In this lesson you will learn the four most fundamental and important guitar barre chords also called bar chords.
Barre chords are chords in which you press down two or more strings together with only one finger. Barre chords are great because they are moveable. You can play a barre chord shape on any fret. So, that means you can play multiple chords with only one barre chord shape.
There are a few different shapes of barre chords in guitar. The most common, important and fundamental barre chord shapes are the E major shape barre chord, E minor shape barre chord, A major shape barre chord and the A minor shape barre chord.
The E shape barre chord
The second image above shows an F major barre chord as example. This chord is derived from the E shape barre chord.
Notice that the fingerings 3, 4 and 5 are exactly the same as an E open chord. Hence the name E shape barre chord. The only difference is that the F major chord has moved up one fret from the open E chord position and the strings on the first fret is barred with the second (index) finger.
Now, if you move up by one fret from the F major chord while still holding the same chord shape, it becomes an F sharp major barre chord. And then if you up one fret again, it becomes the G major barre chord and on and on. The more you move a barre chord shape up the fret, the chords will change sequentially. This applies to any barre chord shapes. Keep that in mind.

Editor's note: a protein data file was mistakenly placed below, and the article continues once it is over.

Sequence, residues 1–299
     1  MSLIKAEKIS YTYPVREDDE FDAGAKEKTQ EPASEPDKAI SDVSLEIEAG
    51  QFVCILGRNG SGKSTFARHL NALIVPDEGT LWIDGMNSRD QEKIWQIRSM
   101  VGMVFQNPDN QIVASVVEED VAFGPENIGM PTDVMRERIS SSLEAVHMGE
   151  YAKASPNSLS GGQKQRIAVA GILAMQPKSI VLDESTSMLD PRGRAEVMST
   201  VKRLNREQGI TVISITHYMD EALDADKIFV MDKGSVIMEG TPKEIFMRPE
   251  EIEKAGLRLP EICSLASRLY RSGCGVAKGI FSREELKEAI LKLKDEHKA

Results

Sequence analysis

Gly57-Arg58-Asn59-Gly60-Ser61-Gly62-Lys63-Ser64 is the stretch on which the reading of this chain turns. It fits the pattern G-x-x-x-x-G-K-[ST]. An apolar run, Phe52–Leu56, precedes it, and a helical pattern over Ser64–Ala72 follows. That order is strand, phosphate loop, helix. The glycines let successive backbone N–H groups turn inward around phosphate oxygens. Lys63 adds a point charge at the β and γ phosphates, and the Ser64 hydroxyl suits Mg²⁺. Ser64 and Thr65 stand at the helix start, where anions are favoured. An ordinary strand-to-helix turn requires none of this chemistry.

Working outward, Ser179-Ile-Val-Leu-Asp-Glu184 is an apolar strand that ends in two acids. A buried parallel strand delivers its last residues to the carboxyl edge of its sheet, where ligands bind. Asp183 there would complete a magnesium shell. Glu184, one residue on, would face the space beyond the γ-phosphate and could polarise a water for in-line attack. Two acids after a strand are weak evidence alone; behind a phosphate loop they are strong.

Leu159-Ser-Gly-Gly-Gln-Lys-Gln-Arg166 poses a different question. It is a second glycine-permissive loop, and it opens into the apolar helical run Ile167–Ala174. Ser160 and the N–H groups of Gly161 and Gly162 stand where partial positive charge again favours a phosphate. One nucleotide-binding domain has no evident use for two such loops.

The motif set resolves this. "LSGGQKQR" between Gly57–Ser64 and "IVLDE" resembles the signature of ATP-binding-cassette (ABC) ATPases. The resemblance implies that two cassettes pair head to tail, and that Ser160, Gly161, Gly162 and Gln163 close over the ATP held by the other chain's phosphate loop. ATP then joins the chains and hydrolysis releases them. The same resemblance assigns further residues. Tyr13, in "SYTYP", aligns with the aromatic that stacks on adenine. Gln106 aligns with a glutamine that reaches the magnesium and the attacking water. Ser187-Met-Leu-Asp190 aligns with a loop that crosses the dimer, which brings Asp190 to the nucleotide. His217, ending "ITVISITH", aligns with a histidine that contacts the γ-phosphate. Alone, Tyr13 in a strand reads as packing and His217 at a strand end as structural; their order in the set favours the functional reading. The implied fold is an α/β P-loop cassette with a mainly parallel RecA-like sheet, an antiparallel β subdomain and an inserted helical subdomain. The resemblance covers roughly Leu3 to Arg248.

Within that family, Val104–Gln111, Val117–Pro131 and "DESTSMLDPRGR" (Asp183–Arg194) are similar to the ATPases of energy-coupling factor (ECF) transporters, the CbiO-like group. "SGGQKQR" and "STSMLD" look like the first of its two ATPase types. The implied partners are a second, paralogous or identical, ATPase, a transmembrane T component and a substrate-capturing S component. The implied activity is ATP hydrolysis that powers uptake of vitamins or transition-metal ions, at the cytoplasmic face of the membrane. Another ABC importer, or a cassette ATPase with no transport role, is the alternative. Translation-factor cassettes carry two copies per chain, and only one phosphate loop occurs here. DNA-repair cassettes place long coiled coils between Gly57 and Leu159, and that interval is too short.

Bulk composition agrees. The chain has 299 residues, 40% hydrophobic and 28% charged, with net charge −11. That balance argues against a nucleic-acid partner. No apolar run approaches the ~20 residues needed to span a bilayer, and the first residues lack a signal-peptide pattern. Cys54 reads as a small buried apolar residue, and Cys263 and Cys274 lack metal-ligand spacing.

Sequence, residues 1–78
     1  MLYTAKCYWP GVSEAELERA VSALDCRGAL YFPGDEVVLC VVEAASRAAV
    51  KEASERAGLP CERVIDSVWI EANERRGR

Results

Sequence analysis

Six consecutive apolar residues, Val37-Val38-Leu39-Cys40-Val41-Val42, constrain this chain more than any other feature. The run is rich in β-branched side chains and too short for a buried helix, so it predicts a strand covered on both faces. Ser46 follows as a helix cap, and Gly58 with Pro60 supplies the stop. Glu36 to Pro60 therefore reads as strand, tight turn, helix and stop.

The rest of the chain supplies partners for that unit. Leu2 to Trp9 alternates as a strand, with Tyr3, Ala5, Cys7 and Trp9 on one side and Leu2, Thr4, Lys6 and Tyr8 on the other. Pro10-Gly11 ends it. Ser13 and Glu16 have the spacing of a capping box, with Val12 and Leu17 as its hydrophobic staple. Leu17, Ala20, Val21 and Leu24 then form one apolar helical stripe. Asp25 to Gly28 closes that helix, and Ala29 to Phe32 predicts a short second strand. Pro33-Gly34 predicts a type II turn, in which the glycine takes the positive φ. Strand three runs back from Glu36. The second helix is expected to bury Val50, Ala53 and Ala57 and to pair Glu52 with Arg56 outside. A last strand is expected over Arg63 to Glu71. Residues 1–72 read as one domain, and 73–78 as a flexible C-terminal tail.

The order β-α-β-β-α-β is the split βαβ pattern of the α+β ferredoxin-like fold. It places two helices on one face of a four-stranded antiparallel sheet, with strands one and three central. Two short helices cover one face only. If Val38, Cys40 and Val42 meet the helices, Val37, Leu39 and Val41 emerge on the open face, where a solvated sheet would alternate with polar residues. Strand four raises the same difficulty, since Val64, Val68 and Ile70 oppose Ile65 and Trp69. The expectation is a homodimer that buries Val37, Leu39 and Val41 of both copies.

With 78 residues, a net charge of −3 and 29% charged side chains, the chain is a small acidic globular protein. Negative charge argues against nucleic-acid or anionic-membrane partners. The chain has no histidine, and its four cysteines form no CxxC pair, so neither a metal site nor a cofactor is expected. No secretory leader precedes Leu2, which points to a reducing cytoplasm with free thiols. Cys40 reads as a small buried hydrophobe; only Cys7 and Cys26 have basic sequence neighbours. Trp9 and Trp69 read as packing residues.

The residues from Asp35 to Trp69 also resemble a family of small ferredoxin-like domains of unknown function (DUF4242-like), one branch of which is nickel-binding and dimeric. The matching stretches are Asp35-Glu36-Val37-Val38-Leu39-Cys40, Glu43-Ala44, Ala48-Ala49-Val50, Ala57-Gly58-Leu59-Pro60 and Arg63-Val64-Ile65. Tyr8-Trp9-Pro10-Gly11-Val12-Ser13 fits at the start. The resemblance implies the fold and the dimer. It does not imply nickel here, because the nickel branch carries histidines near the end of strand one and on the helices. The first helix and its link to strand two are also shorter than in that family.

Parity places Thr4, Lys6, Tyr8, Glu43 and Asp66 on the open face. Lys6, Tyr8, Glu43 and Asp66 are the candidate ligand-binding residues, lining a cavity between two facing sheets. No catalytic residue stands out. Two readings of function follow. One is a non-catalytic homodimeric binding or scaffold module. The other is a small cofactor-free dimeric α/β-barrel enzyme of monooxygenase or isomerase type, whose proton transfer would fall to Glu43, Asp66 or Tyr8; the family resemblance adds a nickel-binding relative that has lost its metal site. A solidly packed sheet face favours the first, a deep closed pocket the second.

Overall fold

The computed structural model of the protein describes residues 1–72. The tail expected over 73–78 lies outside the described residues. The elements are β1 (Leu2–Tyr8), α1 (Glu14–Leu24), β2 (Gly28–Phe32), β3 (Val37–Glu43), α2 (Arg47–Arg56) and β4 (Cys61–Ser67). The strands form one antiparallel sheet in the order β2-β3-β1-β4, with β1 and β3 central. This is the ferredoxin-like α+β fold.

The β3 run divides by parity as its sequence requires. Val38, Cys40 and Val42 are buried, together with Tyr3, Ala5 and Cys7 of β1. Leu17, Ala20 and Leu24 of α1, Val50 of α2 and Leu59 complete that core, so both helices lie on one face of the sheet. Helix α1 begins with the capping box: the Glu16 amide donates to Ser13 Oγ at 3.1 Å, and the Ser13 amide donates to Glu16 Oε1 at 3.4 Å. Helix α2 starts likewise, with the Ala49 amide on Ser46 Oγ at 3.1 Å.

The E minor shape barre chord
In the above illustration, the F minor barre chord is derived from the E minor shape. The fingering positions 4 and 5 are exactly the same as an E minor open chord with the only difference being shifted up a fret and barring of the strings on first fret. Hence the name E minor shape.
The A shape barre chord
The above illustration shows an example of A sharp major barre chord. The notes barred by the finger number 3 is the same as the A major open chord but moved up one fret and the strings on the first fret is barred by the first finger.
In this barre chord shape, you bend the top joint of your third finger and press the three strings (2nd, 3rd and 4th strings) together. You are using only one finger (3rd finger) as opposed to 3 fingers used in open A minor chord.
The A minor shape barre chord
The above illustration shows an A sharp minor barre chord as an example. This chord’s shape is derived from the A minor open chord. The notes pressed by the fingers 2, 3 and 4 is the same as the A minor open chord but moved up by one fret.
In advanced guitar playing, you can also create 7th, suspended and other chords from those same barre chord shapes by modifying one or two notes. For now, you should focus on the major and minor shapes. You don’t need to learn the 7th, suspended and other chords for now. We will cover them in a later post.
There are more uncommon barre chord shapes like the C shape barre chord and the D shape barre chord. They are not really that important. And by using the barre chord shapes you learned in this post, you can play all the chords that the uncommon shapes can play. So for now, you just need to learn the important ones that you saw in this post above. We will cover the uncommon barre chords in a later post.
Major and minor barre chords chart